Amanda Peet is Not Concerned by Vaccines
Amanda Peet says that one of the hardest lessons of motherhood for her since welcoming daughter Frances ‘Frankie’ Pen, 16 ½-months, has been learning to let go. "I thought it would be an extended, blissful romance with me at the helm, cuddling this little creature to life," the 36-year-old actress admits in the June/July issue of Cookie, "It’s been bittersweet and humbling to let her lead, and to not try to be perfect myself." In video footage of the mother-daughter duo’s cover shoot for the magazine, Amanda called Frankie a "beautiful little creature" she’s fallen completely "in love with." There is no conflict for Amanda when it comes to balancing her home life with her professional life, however; She says that she’s happier when she’s working, and a better mom for it.
When you’re able to identify your passions, then your child will be able to identify hers. It’s a great template.
Another thing Amanda is clearly passionate about is the ongoing discussion of autism and childhood vaccines. After talking with her sister’s husband, a pediatrician, as well as an infectious disease expert at the Children’s Hospital of Philadelphia (CHOP) Amanda said she’s convinced that not only is there no link between the two and that "vaccines do not concern me." She also commented that parents who opt not to vaccinate their children "are parasites." In the video footage, she delved deeper into her beliefs.
There are a lot of misconceptions about the dangers of vaccinations… I found it to just be really sad that so much of the energy is being redirected to the association with vaccinations and autism and it’s taking away the money and the research that needs to go towards the real causes of autism.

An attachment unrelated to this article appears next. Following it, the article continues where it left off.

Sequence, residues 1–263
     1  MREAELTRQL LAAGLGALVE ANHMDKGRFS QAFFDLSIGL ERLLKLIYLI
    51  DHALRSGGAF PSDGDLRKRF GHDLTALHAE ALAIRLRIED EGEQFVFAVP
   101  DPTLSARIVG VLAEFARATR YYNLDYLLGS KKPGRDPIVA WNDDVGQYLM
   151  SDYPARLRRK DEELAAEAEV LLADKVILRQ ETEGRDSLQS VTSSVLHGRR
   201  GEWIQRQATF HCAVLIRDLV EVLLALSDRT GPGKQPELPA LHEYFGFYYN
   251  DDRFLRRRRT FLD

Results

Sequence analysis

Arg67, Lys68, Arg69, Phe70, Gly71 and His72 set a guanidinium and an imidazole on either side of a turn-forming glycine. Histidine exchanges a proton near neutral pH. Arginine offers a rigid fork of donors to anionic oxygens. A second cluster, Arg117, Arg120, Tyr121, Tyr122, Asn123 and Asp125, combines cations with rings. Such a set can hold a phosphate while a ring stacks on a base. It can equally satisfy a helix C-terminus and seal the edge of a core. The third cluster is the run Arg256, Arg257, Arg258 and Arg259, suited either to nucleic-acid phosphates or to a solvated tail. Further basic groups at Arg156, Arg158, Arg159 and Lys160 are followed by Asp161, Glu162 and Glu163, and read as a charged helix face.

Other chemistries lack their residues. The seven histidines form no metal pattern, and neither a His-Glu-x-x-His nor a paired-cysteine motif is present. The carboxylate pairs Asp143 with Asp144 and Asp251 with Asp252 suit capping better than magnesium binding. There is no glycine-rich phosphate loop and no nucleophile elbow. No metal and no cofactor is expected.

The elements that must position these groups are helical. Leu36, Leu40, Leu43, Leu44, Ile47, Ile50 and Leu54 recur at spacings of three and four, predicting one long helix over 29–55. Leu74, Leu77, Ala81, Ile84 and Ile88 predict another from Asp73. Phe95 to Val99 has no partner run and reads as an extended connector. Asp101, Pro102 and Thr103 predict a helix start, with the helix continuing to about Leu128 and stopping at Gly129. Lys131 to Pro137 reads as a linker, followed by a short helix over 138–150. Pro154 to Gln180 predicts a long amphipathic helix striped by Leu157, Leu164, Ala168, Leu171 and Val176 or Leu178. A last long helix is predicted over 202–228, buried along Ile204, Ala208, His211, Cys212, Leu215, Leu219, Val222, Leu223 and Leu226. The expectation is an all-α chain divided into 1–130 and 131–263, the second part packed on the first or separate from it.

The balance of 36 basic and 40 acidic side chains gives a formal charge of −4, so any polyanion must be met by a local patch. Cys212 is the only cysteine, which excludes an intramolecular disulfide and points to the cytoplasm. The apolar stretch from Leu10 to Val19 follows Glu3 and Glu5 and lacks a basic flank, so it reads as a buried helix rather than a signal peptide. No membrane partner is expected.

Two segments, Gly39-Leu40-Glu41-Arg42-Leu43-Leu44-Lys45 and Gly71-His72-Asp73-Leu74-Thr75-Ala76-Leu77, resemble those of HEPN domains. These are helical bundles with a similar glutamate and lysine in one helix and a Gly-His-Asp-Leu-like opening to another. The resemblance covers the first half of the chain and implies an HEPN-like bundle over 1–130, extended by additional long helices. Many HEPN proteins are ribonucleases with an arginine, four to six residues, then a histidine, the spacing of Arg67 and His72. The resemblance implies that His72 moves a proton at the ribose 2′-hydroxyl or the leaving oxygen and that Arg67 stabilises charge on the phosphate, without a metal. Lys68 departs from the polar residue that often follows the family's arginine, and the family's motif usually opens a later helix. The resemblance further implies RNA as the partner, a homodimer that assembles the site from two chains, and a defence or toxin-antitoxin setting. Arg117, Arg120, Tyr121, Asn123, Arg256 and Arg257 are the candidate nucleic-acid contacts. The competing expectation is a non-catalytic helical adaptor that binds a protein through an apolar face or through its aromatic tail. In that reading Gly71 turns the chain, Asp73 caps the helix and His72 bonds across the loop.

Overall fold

Click continue reading to hear about why Amanda has followed the CDC schedule for Frankie’s vaccinations, and why she’s a "narcissistic consumer."
By choosing not to vaccinate their children or by staggering the administration of vaccines, parents put the children of other parents at risk, Amanda feels."In the ’50s, hundreds of thousands of children were dying from preventable diseases and vaccinations saved so many lives," she said, "it’s only because you don’t see as many children dying (today) that we don’t worry, but that’s really sad." To that end, Frankie is up-to-date with all her vaccines, and Amanda will soon tape a series of public service announcements for the group Every Child By Two, which seeks to aim parental awareness of the need for timely infant immunizations. She adds,
I buy 99 percent organic food for Frankie, and I don’t like to give her medicine or put sunscreen on her. But now that I’ve done my research, vaccines do not concern me.
In the meantime, Amanda says she’ll go on — happily — being a "narcissistic consumer." That was her official diagnosis per the book Parenting, Inc. ($16.50), which Amanda recently finished reading. Ironically, as she was perusing a passage on the night-light known as the Twilight Turtle, she decided she needed it for Frankie. "Here I was reading about all the suckers," Amanda said, "and I was a sucker!"
I’m the target market for the onslaught of baby products: this sling, that sling, Baby Einstein, the idea that your baby will be smarter if she uses these learning toys at this milestone.
Frankie is the first child for Amanda and her husband, writer David Benioff.